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Why do some people find mathematics difficult? math
Old 09-13-2011, 01:38 PM   #1
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Mathematics is quite simple. I'm not saying this because I'm good at it, on the contrary; I'm one of those "some people." But as stated on Wikipedia:

  Originally Posted by Wikipedia
David Hilbert defined mathematics as follows: We are not speaking here of arbitrariness in any sense. Mathematics is not like a game whose tasks are determined by arbitrarily stipulated rules. Rather, it is a conceptual system possessing internal necessity that can only be so and by no means otherwise.

Any given number has a set of attributes that can be recognized and proven as long as the person doing mathematics is in the possession of the necessary knowledge. A 5 year old will know how to visualize 3, and what 3 apples look like, but he may not know that it is the square root of 9.

Due to its
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the number of possible interpretations are not as loose as they are in the case of art, where individual imagination allows a limitless number of interpretations.

Understanding high level of mathematics evidently requires plenty of education, as it is required to learn its "language," so it's not simple in the sense that it's easily understandable, it's simple in the sense that it states what is with clarity.

"Clarity" is a neat little word. It's probably my favourite word, even. No ambiguity, no confusion, no bad choices. Clarity is something to strive for in life, but hard to achieve.

Mathematics is the language through which clarity can be obtained, as far as I can tell. So why is it such a dreaded subject? Why do some many people struggle with it?

How does IQ tie in the picture? Simply saying "they are not smart enough" is insufficient here - elaborate.

How can it be taught efficiently?

Why are Japanese and Chinese students supposedly so much better at mathematics than Western students? What are they doing differently?

What's the neuroscientific explanation for being good or bad at math?

What are your general insights about understanding mathematics?

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Old 09-13-2011, 02:24 PM   #2
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Im not 100% sure. It's something that was posted on a forum ages back. Don't Japanese students at an early age take a few classes. Then the classes that they have shown to exceed at, they take more advanced classes of said particular subject. While they let the other subjects stay at average levels?


I dont even know anymore. But i do know is that math is easy for some people and hard for others. Personally I always loved math but had terrible and boring teachers. Often times i would correct the teacher themselves just because they are reading off of a course syllabus. It was worst when I moved to Texas and they were JUST STARTING algebra in the 10th grade. It amazed me how slow some of the other people were. Even in advanced classes (where all the Asians were at), It felt slow and boring. Finally college came along and the challenge came but largely easy.


Aside from my life story up above, I personally think that the reason why math is so easy for some people is because that they try their hardest to think logically. You can explain 99.9% of everything with math and science.
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Old 09-13-2011, 03:00 PM   #3
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If two apples plus two apples gives four apples, then what does two oranges plus two oranges give?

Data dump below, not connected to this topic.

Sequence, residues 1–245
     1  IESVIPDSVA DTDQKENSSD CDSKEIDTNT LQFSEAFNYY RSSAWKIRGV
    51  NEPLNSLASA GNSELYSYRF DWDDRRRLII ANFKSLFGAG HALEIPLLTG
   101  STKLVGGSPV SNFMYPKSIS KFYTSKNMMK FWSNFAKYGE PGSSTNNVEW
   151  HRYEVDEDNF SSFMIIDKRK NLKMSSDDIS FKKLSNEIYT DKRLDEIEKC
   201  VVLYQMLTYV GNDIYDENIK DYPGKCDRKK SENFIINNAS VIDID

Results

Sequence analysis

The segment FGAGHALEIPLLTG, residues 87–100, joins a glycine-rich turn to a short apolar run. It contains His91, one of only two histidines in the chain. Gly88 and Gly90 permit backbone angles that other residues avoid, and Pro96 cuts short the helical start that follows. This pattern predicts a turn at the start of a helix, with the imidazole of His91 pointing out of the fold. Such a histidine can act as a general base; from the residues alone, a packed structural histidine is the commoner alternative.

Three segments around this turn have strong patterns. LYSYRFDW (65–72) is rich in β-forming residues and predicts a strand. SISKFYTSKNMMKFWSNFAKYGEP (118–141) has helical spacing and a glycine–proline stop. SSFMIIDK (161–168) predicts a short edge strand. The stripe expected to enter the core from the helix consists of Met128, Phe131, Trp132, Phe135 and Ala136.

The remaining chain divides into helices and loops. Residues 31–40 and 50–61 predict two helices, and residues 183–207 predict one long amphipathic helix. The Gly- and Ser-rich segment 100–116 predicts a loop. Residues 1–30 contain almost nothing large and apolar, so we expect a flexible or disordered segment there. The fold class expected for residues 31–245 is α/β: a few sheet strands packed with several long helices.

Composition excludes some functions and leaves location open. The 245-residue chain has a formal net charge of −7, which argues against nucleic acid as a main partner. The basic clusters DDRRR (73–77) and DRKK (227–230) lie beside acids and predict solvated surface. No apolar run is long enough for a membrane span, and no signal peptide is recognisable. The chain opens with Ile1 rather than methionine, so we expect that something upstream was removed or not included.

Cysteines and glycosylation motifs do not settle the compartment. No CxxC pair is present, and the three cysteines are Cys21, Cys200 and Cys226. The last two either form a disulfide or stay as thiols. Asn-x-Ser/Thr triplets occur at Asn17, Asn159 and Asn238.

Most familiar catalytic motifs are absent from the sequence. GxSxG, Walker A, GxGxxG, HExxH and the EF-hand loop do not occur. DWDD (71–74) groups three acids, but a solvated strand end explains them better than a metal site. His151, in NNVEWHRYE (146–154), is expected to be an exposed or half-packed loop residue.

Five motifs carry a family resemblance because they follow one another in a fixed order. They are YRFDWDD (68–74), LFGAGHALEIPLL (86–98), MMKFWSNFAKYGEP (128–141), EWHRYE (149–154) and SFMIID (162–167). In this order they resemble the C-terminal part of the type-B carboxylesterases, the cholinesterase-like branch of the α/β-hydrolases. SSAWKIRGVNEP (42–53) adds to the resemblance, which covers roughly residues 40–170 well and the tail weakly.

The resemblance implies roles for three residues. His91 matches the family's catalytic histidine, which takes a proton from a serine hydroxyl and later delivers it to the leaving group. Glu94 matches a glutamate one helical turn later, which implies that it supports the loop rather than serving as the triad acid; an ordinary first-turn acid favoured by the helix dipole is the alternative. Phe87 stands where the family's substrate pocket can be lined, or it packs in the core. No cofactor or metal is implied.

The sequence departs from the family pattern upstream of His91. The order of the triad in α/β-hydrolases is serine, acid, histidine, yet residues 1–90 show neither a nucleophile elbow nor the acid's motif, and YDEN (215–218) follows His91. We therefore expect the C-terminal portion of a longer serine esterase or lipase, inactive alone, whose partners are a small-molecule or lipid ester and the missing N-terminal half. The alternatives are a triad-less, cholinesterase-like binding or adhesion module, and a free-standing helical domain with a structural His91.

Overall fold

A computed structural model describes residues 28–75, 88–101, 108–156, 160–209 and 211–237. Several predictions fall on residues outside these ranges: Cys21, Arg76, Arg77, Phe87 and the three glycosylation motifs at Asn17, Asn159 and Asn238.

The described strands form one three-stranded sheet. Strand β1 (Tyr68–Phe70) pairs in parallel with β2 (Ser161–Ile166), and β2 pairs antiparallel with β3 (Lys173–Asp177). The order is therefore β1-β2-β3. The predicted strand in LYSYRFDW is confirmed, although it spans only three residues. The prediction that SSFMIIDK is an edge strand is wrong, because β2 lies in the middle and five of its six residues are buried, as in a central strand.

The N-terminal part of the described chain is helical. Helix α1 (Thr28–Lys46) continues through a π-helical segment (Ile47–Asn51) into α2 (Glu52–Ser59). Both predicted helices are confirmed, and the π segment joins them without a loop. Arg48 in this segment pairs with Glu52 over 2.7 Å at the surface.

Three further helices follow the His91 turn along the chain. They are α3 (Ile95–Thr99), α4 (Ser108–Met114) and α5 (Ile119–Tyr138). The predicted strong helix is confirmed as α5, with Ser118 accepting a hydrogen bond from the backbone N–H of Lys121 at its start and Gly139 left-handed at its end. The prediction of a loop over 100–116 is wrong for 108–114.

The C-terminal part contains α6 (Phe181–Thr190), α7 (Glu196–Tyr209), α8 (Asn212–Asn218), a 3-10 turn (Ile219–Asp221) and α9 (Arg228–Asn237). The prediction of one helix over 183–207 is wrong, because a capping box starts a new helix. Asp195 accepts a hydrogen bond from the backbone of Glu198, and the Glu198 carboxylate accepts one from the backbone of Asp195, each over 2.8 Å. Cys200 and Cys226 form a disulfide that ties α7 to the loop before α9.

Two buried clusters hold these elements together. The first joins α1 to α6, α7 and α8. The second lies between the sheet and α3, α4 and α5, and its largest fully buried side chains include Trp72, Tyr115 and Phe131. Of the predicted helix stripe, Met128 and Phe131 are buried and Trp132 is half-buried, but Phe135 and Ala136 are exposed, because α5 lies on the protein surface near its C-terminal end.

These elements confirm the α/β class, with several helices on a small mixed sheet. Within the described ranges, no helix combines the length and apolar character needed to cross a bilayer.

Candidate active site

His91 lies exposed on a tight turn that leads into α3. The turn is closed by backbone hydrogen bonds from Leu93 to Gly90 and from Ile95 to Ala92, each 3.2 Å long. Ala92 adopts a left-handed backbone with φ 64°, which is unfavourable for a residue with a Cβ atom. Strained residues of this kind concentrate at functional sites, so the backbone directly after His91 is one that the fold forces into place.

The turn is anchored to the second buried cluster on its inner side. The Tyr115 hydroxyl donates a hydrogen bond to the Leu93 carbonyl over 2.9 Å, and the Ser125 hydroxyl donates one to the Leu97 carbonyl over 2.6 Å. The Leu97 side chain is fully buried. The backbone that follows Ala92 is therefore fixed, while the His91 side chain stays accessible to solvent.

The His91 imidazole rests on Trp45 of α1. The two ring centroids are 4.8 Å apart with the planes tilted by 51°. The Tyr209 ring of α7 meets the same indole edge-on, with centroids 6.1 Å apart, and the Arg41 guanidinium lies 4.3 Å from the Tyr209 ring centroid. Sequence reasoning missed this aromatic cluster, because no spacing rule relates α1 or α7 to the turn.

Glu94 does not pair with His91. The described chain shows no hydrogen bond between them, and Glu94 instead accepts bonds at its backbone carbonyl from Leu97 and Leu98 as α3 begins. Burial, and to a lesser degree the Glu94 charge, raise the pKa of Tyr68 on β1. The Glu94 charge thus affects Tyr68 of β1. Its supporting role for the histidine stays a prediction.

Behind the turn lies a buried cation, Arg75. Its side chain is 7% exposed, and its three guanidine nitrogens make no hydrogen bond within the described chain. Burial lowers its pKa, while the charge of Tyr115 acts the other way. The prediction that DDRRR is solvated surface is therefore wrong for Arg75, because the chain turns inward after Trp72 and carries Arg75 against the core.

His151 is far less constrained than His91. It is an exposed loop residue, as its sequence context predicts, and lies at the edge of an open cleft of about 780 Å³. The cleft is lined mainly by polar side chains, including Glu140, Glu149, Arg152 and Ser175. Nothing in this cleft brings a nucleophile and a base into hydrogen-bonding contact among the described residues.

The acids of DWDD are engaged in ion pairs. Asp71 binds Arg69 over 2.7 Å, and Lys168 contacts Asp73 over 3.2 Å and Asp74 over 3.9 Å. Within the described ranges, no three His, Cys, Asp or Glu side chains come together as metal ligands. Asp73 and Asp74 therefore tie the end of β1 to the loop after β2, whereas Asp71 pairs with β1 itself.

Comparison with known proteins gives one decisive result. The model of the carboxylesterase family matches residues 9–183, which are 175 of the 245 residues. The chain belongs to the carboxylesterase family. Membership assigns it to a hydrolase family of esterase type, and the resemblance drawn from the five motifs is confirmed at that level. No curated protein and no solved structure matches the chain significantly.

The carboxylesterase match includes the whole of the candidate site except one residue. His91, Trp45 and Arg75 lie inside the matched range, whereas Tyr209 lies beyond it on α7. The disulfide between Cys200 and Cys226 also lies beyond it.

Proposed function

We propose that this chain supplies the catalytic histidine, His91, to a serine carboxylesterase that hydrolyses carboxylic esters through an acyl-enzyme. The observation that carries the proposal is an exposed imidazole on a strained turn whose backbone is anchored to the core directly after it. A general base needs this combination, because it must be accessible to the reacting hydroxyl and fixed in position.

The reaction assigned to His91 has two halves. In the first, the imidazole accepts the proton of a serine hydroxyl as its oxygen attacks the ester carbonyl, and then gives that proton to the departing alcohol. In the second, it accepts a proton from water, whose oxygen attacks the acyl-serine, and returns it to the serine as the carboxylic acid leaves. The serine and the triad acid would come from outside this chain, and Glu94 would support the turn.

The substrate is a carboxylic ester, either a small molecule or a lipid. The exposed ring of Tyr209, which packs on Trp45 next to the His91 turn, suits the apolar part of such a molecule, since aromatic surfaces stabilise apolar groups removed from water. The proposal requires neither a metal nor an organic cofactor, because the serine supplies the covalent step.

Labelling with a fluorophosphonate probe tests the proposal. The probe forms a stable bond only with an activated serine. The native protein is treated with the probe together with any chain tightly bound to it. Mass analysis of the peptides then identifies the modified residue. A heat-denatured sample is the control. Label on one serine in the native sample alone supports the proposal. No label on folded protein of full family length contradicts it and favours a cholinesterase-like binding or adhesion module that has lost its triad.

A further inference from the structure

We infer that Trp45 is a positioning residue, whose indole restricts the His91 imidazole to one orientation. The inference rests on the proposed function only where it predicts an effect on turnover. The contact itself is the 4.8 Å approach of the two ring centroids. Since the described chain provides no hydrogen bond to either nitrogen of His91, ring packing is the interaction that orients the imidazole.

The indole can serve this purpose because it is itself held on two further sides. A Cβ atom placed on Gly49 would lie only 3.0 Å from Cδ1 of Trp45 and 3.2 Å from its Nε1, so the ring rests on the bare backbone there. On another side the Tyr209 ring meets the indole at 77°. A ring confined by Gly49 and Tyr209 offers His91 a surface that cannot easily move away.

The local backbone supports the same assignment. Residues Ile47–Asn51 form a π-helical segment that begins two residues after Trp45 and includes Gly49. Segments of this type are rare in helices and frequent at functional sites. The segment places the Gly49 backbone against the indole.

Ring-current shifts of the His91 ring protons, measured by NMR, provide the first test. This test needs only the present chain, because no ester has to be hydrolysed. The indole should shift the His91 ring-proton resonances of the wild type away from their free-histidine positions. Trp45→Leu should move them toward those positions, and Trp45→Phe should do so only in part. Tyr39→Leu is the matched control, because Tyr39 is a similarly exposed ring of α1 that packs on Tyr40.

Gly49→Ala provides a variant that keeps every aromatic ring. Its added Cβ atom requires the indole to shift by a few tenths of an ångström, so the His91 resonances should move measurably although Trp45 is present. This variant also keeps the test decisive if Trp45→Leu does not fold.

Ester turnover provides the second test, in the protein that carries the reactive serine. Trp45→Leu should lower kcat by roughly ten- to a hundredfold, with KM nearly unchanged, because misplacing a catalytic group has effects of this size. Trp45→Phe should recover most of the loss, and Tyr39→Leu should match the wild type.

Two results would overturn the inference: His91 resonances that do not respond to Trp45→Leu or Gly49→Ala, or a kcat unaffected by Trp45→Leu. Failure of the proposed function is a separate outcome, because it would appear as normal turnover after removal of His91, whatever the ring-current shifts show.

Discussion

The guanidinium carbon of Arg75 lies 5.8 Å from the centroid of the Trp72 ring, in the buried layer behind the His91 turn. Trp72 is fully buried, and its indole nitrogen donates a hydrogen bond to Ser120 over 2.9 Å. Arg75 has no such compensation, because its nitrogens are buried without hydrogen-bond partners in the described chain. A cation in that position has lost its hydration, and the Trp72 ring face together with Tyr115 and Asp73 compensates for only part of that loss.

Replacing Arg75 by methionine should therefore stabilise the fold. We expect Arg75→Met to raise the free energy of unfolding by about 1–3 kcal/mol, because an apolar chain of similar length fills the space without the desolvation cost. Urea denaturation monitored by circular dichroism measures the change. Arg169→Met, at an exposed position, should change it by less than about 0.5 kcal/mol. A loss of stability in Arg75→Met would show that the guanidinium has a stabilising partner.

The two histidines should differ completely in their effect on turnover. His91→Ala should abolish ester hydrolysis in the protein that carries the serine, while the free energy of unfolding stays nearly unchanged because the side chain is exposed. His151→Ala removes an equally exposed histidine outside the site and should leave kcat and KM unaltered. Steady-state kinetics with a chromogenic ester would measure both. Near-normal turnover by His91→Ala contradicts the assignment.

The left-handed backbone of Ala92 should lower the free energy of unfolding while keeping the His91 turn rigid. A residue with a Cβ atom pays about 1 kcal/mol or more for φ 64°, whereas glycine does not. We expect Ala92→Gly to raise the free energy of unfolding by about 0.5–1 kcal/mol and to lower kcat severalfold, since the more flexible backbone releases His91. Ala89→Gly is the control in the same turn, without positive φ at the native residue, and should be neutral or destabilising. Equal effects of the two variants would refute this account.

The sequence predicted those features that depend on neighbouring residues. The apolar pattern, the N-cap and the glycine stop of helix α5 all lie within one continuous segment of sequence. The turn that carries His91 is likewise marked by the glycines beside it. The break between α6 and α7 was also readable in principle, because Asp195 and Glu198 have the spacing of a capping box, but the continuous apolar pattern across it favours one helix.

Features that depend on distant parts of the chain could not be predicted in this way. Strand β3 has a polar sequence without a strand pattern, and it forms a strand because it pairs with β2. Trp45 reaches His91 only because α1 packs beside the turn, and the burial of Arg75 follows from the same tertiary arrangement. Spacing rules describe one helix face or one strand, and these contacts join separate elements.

How the heck should I know? You have not said anything about oranges, it was all about apples.
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Old 09-13-2011, 03:10 PM   #4
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  Originally Posted by thod
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If two apples plus two apples gives four apples, then what does two oranges plus two oranges give?

How the heck should I know? You have not said anything about oranges, it was all about apples.

So we won't know the answer until we know more about oranges. Until then, we can assume it'll be four oranges, unless proven that the oranges possess attributes which would somehow change the result to something else. No?

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Old 09-13-2011, 03:20 PM   #5
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If a car travels 50 miles in one hour and a motorbike travels 30 miles in half an hour, how long would it take a bicycle to travel a mile?
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Old 09-13-2011, 03:26 PM   #6
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I think it might have something to do with objective measures and concepts actually being pretty unconvincing to people, who are of course subjective. Objectivity that isn't convincing on the human/subjective level is, in effect, the same as arbitrariness. That's why so many people get pissed off at things like math, quantum physics, and the NCAA Bowl Championship Series. They're all systems that do in fact have some amount of arguable logic behind them, but if you can't explain it in a way that makes sense to people, any claims about it being objective is more likely to goad people into further feelings of hostility towards the subject.

To look at it another way, think of a school district with five individual schools in it, none of which are performing well. There are two improvement scenarios, but suppose that in both cases, the aggregate number of graduates (or whatever is serving as the measure of success) is exactly the same. In the first scenario, each individual school sees a 10 percent improvement in its graduation rate. In the second scenario, the worst school is completely turned around into one of the region's best. According to the objective standard, both results are the same. But which one sounds like a better outcome? Which is a better rallying point if you're asking for more funding? If you were the district superintendent, which accomplishment would you rather have on your resume?